Testing social theory with FourSquare data
Joseph, K., Carley, K. M., & Hong, J. I. (2014). Check-ins in 'Blau Space': Applying Blau's Macrosociological Theory to Foursquare Check-ins from New York City. ACM Trans. Intell. Syst. Technol., 5(3), 46:1-46:22. doi:10.1145/2566617
Peter Blau was one of the first to define a latent social space and utilize it to provide concrete hypotheses. Blau defines social structure via social 'parameters' (constraints). Actors that are closer together (more homogenous) in this social parameter space are more likely to interact. One of Blau's most important hypotheses resulting from this work was that the consolidation of parameters could lead to isolated social groups. For example, the consolidation of race and income might lead to segregation. In the present work, we use foursquare data from New York city to explore evidence of homogeneity along certain social parameters and consolidation that breeds social isolation in communities of locations checked-in to by similar users.
More specifically, we first test the extent to which communities detected via Latent Dirichlet Allocation are homogenous across a set of four social constraints - racial homophily, income homophily, personal interest homophily and physical space. Using a bootstrapping approach, we find that fourteen (of twenty) communities are statistically, and all but one qualitatively, homogenous along one of these social constraints, showing the relevance of Blau's latent space model in venue communities determined via user check-in behavior. We then consider the extent to which communities with consolidated parameters, those homogenous on more than one parameter, represent socially isolated populations. We find communities homogenous on multiple parameters, including a homosexual community and a ``hipster'' community, that show support for Blau's hypothesis that consolidation breeds social isolation. We consider these results in the context of mediated communication, in particular in the context of self representation on social media.
Joseph, K., Carley, K. M., Filonuk, D., Morgan, G. P., & Pfeffer, J. (2014). Arab Spring: from newspaper data to forecasting. Social Network Analysis and Mining, 4(1), 1-17. doi:10.1007/s13278-014-0177-5
Agent-based simulation models are an important methodology for explaining social behavior and forecasting social change. However, a major drawback to using such models is that they are difficult to instantiate for specific cases and so are rarely re-used. We describe a text-mining network analytic approach for rapidly instantiating a model for predicting the tendency toward revolution and violence based on social and cultural characteristics of a large collection of actors. We illustrate our approach using an agent-based dynamic-network framework, Construct, and newspaper data for the sixteen countries associated with the Arab Spring. We assess the overall accuracy of the base model across independent runs for twenty different months during the Arab Spring, observing that although predictions led to several false positives, the model is able to predict revolution before it occurs in three of the four nations in which the government was successfully overthrown.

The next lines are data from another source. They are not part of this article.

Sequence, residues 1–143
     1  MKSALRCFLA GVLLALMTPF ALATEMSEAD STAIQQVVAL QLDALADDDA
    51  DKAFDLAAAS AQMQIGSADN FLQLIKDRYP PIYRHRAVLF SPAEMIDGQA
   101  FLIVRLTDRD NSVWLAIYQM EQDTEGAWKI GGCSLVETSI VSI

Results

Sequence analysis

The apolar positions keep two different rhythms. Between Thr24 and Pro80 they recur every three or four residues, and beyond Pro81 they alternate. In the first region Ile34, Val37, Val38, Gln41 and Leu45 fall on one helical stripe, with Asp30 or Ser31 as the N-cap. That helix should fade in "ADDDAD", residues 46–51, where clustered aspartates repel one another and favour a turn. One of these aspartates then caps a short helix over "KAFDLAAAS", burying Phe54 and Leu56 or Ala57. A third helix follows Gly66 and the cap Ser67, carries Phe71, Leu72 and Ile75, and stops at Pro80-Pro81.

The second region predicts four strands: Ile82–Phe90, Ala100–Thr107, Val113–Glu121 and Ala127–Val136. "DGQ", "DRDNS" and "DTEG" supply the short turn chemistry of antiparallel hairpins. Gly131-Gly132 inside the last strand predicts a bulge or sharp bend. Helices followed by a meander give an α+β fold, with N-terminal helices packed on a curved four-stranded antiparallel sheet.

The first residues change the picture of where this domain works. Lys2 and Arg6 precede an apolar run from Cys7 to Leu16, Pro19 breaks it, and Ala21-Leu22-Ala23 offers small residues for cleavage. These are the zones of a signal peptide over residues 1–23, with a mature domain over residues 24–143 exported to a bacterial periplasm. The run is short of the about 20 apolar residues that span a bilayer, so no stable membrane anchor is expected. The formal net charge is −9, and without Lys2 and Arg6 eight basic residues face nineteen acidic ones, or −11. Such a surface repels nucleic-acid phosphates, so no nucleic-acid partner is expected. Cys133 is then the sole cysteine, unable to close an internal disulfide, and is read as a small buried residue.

Joseph, K., Morgan, G. P., Martin, M. K., & Carley, K. M. (2014). On the Coevolution of Stereotype, Culture, and Social Relationships An Agent-Based Model. Social Science Computer Review, 32(3), 295-311. doi:10.1177/0894439313511388
The theory of Constructuralism describes how shared knowledge, representative of cultural forms, develops between individuals through social interaction. Constructuralism argues that through interaction and individual learning, the social network (who interacts with whom) and the knowledge network (who knows what) co-evolve. In the present work, we extend the theory of Constructuralism and implement this extension in an agent-based model. Our work focuses on the theorys inability to describe how people form and utilize stereotypes of higher order social structures, in particular observable social groups and society as a whole. In our agent-based model, we formalize this theoretical extension by creating agents that construct, adapt and utilize social stereotypes of individuals, social groups and society. We then use this model to carry out a virtual experiment which explores how ethnocentric stereotypes and the underlying distribution of culture in an artificial society interact to produce varying levels of social relationships across social groups. In general, we find that neither stereotypes nor the form of underlying cultural structures alone are sufficient to explain the extent of social relationships across social groups. Rather, we provide evidence that shared culture, social relations and group stereotypes all intermingle to produce macro-social structure.